India and China: Asia’s Giants Discuss Way Forward
By Jeremy Clift
IMF Survey online
March 16, 2012
- Lagarde visits China and India to meet with political, business leaders
- Asian giants try to learn lessons from each other on development
- Center of global economic power shifting toward Asia
Rising Asian giants China and India will discuss the impact of the global economic crisis on their two pace-setting emerging markets and ways of further tackling poverty and inequality at a two-day conference in New Delhi on March 19-20.
IMF Managing Director Christine Lagarde will meet with leaders from both countries during visits March 17-20. She will speak at the 2012 China Development Forum in Beijing on March 18 and will take part in the closing roundtable discussion at the New Delhi conference on ensuring strong growth in the wake of the global crisis.
While recent indicators may signal a relaxing of global economic difficulties, protracted stresses and risks—in Europe and elsewhere—pose a challenge for emerging markets in sustaining high quality growth.
Both China and India are growing rapidly, but have taken different development paths. While China has followed a more traditional manufacturing- and export-led growth strategy, India’s growth has been driven by the services sector and reliance to a large extent on domestic demand.
Today they both face differing challenges, according to the latest IMF economic surveillance note written for the Group of Twenty industrialized and emerging market countries. “In emerging economies, the priority is to ensure a soft landing as domestic growth slows amid a deteriorating external environment and volatile capital flows,” according to the IMF note.
“There is scope to increase expenditure—including, in some cases, social spending—in economies where inflation pressure is expected to ease, fiscal positions are sound, and external surpluses are large (e.g., China). In those economies with relatively high inflation and public debt, policy space is more limited, warranting a more cautious stance toward policy easing (e.g., India).”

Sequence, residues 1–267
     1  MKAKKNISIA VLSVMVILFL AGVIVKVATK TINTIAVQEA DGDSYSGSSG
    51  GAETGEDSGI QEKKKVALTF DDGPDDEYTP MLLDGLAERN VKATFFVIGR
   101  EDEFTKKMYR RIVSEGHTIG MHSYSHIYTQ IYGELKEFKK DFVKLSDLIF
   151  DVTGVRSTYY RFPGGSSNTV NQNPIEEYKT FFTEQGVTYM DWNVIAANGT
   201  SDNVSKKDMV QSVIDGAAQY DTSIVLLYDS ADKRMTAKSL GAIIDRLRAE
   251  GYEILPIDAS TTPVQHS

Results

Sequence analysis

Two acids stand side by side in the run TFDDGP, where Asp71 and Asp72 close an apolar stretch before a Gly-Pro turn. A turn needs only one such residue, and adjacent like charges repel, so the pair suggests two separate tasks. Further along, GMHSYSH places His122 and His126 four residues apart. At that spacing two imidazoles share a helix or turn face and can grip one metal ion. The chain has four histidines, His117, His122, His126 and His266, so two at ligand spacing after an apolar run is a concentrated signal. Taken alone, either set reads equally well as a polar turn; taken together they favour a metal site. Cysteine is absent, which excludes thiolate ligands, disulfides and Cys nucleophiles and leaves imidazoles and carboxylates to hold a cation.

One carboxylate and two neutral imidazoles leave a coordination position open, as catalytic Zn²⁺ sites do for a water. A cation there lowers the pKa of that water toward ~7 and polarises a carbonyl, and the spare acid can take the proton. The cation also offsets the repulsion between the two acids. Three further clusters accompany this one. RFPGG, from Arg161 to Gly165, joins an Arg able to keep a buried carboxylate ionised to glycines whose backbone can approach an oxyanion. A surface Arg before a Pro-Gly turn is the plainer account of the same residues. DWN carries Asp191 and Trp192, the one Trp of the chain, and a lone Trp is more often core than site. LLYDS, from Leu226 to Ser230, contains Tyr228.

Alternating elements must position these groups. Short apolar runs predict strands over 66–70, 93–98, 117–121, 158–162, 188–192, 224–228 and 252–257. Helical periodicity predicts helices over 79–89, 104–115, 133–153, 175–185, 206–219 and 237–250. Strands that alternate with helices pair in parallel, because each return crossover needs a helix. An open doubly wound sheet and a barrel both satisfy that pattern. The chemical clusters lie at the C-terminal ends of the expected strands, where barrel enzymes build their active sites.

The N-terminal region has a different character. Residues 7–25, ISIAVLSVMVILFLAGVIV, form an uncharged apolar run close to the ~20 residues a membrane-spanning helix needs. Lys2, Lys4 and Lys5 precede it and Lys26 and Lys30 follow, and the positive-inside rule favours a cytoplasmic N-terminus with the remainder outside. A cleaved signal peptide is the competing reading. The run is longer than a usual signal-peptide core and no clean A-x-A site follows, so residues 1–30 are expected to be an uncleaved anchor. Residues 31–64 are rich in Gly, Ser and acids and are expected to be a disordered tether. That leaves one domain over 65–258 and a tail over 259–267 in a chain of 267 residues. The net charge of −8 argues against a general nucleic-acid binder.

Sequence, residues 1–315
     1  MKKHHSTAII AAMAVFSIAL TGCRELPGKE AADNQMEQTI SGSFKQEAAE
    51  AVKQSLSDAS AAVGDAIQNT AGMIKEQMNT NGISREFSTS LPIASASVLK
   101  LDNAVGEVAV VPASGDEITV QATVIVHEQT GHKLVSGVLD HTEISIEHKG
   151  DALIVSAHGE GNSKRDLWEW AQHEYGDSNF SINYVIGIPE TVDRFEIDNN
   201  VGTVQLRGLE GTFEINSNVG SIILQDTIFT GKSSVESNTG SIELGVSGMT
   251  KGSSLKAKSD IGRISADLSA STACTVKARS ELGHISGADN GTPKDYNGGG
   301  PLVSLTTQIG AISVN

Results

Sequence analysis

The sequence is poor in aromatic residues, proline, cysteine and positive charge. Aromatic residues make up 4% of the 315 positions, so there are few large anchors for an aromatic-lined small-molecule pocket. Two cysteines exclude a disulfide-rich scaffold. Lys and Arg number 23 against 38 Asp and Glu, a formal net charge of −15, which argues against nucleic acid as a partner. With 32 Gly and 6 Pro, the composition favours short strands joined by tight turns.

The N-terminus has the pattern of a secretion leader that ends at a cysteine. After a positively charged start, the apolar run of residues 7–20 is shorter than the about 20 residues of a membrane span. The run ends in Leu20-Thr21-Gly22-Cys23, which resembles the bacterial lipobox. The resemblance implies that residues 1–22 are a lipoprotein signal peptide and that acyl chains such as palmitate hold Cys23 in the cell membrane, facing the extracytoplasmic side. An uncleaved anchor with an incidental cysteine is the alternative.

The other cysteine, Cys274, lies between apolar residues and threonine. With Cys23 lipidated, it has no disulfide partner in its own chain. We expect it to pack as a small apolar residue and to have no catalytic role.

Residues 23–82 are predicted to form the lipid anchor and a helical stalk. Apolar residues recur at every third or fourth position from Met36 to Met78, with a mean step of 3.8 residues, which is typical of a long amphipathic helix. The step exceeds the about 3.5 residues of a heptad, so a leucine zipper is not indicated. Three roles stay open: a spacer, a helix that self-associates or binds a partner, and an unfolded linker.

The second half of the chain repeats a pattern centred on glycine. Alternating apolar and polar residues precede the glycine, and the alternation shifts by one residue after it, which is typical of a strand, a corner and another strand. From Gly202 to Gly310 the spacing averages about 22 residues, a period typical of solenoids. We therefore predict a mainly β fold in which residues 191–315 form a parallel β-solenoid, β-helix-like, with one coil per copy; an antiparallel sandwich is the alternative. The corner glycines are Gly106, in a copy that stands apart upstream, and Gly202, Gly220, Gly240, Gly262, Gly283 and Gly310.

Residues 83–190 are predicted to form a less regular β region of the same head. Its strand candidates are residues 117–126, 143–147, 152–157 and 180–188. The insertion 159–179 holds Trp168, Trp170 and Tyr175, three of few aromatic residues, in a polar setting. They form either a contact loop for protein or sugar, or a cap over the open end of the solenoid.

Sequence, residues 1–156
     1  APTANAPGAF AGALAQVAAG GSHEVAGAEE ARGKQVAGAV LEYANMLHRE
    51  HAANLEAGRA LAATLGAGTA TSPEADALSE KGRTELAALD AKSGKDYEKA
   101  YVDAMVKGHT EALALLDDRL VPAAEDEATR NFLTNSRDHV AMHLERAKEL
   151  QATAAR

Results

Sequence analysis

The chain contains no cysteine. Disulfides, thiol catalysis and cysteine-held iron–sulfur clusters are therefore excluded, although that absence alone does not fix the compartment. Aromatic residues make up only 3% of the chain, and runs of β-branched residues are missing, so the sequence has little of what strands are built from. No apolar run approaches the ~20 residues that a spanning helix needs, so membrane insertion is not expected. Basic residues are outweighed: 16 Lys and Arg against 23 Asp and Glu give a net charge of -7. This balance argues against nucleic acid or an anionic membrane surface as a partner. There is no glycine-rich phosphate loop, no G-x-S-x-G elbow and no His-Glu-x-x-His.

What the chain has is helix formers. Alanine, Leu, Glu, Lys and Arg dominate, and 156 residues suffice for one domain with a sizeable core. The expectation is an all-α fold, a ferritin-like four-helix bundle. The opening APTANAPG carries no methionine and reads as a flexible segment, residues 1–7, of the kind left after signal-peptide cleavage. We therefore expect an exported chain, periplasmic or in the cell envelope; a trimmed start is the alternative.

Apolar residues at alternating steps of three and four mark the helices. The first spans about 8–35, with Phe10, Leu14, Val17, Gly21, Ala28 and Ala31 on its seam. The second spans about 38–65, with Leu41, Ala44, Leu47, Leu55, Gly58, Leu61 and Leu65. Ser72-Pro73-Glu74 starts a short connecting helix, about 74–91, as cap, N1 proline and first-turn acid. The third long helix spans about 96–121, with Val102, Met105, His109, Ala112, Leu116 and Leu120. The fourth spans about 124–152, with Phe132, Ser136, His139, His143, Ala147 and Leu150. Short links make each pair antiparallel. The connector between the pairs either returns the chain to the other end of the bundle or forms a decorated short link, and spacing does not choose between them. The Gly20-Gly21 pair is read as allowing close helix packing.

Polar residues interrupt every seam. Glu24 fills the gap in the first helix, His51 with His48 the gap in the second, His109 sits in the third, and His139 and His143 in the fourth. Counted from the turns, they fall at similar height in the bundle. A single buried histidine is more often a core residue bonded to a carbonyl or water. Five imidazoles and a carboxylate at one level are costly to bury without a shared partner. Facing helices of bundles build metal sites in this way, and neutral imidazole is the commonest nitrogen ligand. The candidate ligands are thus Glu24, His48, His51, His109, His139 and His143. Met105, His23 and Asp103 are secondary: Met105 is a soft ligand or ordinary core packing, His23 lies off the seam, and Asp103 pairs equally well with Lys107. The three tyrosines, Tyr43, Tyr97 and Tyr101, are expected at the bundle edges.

Sessions at the New Delhi conference will explore themes related to future development paths, financial sector reforms, and raising living standards for all by ensuring broad access to employment, quality education and health, and financial services.
As IMF First Deputy Managing Director David Lipton underlined in a speech at the Asian Financial Forum in Hong Kong early this year, Asia emerged from the 2008 financial crisis with its global economic standing strengthened. Asia, he said, “is headed toward becoming the largest economic region in the world over the next two decades.”
But Asia has to guard against fallout from the crisis in Europe and fragilities elsewhere.
Growth in both India and China has been slowing, albeit from very high rates.
Premier Wen Jiabao this month cut China’s 2012 growth target to 7.5 percent compared with more than 8 percent in recent years and made boosting consumer demand the year's main priority. Last week, India said its economy grew 6.1 percent in the final quarter of 2011, its slowest pace in two years.
The conference, bringing together policymakers, leading academics, and private sector representatives, will be opened by India’s Finance Minister Pranab Mukherjee, followed by keynote remarks from the India and China delegations. It is hosted by the China Society for Finance and Banking, the Indian Council for Research on International Economic Relations (ICRIER), and the IMF.
Mukherjee announced a new Indian budget on March 16 in which he urged the speeding up of economic reforms in the country.
The event is part of the strengthened ongoing engagement between the IMF and Asia and one of a series of high-level events in the region ahead of the IMF-World Bank Annual Meetings to be held in Tokyo, Japan, in October 2012.